free fall

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free fall,

in physics, the state of a body moving solely under the influence of gravitational forces (see gravitationgravitation,
the attractive force existing between any two particles of matter. The Law of Universal Gravitation

Since the gravitational force is experienced by all matter in the universe, from the largest galaxies down to the smallest particles, it is often called
). A body falling freely toward the surface of the earth undergoes an accelerationacceleration,
change in the velocity of a body with respect to time. Since velocity is a vector quantity, involving both magnitude and direction, acceleration is also a vector. In order to produce an acceleration, a force must be applied to the body.
due to gravity of 32 ft/sec2 (9.8 m/sec2), which is symbolized by g.

Free fall

The accelerated motion toward the center of the Earth of a body acted on by the Earth's gravitational attraction and by no other force. If a body falls freely from rest near the surface of the Earth, it gains a velocity of approximately 9.8 m/s every second. Thus, the acceleration of gravity g equals 9.8 m/s2 or 32.16 ft/s2. This acceleration is independent of the mass or nature of the falling body. For short distances of free fall, the value of g may be considered constant. After t seconds the velocity vt of a body failing from rest near the Earth is given by Eq. (1).

(1)
If a falling body has an initial constant velocity in any direction, it retains that velocity if no other forces are present. If other forces are present, they may change the observed direction and rate of fall of the body, but they do not change the Earth's gravitational pull; therefore a body may still be thought of as freely “failing’’ even though the resultant observed motion is upward.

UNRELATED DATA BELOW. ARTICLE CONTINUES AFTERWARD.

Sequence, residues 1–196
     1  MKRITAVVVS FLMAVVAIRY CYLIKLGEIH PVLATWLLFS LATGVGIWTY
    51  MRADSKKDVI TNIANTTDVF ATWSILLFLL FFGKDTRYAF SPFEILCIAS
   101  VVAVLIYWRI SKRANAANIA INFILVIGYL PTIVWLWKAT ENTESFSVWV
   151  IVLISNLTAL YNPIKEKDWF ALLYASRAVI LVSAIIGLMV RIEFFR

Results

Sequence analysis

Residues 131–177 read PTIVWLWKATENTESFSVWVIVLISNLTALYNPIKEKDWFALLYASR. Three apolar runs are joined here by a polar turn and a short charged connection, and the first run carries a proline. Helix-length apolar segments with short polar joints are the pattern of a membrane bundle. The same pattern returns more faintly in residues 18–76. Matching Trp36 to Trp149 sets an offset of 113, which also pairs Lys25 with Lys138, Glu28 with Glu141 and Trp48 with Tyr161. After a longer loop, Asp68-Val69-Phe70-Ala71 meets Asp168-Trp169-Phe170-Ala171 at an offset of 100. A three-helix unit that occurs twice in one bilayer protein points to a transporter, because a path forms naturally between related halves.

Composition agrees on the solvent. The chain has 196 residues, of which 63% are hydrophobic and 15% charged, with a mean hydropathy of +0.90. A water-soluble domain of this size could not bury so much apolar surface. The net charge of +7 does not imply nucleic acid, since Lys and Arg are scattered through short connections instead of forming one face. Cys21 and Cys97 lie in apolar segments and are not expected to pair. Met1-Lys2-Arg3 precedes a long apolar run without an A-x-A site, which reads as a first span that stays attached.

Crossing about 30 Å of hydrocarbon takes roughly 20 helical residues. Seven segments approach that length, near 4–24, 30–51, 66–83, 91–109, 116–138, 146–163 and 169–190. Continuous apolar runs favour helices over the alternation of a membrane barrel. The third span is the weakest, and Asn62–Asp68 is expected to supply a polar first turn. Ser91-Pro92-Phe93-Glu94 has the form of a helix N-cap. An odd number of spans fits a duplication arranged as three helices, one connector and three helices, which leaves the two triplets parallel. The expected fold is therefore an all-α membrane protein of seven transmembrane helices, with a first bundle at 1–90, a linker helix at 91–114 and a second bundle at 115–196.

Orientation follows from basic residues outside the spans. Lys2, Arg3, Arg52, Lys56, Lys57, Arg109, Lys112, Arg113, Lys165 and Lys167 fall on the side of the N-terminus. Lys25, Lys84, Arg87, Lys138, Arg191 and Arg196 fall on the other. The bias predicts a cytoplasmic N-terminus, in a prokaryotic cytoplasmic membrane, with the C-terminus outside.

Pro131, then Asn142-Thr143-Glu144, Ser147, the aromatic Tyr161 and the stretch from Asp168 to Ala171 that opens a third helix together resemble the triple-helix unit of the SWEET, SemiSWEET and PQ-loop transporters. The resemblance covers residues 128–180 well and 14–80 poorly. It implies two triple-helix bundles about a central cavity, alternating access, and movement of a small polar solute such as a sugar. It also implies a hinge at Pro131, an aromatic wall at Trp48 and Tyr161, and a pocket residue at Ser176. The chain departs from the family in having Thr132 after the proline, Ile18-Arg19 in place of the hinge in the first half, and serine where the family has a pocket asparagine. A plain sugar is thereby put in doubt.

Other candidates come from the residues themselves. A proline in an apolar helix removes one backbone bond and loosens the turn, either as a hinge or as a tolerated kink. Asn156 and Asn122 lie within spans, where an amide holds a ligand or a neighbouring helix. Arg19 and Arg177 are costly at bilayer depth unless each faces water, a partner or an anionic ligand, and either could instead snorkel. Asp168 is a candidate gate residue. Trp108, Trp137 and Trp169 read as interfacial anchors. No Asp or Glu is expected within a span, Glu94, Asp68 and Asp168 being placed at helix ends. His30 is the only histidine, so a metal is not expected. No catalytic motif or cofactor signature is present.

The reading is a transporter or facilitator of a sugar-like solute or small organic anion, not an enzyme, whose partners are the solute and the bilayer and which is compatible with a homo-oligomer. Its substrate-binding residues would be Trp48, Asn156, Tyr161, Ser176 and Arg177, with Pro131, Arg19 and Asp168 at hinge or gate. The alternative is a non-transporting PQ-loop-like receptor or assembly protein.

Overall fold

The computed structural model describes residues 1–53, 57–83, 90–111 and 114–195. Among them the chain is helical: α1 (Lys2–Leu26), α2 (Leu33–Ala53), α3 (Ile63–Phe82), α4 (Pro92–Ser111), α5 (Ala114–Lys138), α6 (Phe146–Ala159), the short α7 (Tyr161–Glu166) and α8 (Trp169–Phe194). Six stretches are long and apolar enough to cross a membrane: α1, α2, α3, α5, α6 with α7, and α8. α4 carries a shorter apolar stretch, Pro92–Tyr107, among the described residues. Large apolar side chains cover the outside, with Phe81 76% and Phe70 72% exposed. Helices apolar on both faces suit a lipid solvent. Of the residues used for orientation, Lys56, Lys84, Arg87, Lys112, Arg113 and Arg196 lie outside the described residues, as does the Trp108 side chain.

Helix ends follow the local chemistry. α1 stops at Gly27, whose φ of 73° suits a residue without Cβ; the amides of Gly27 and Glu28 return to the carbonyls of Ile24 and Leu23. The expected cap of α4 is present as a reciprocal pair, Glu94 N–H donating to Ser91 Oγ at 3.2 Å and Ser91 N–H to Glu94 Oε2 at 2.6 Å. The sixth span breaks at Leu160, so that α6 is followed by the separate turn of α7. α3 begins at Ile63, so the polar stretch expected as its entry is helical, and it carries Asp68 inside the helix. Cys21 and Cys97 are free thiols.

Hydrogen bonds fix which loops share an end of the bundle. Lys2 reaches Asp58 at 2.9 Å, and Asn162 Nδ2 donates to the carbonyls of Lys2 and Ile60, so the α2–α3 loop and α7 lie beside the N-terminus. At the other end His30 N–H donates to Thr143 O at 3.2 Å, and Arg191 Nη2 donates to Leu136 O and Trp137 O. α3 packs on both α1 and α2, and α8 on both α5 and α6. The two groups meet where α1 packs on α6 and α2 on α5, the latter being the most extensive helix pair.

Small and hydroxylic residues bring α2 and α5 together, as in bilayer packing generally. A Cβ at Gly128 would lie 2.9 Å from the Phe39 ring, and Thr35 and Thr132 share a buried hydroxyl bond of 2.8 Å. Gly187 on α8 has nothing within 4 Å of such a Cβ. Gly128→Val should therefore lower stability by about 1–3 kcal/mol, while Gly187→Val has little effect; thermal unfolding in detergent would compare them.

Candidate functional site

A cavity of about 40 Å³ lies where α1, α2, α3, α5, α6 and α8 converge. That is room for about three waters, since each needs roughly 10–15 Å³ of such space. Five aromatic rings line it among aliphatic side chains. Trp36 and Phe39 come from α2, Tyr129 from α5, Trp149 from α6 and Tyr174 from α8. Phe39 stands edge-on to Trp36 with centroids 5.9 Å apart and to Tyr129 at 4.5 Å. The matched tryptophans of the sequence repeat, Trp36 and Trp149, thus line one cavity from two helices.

For a body failing a very large distance from the Earth, the acceleration of gravity can no longer be considered constant. According to Newton's law of gravitation, the force between any two bodies varies inversely with the square of the distance between them; therefore with increasing distance between any body and the Earth, the acceleration of the body toward the Earth decreases rapidly. The final velocity vf, attained when a body falls freely from an infinite distance to the surface of the Earth, is given by Eq. (2),

(2)
where R is the radius of the Earth, which gives a numerical value of 11.3 km/s or 7 mi/s. This is consequently the “escape velocity,’’ the initial upward velocity for a rising body to completely overcome the Earth's attraction.

Because of the independent action of the forces involved, a ball thrown horizontally or a projectile fired horizontally with velocity v will be accelerated downward at the same rate as a body falling from rest, regardless of the horizontal motion.

At a sufficiently large horizontal velocity, a projectile would fall from the horizontal only at the same rate that the surface of the Earth curves away beneath it. The projectile would thus remain at the same elevation above the Earth and in effect become an Earth satellite. See Ballistics, Gravitation

free fall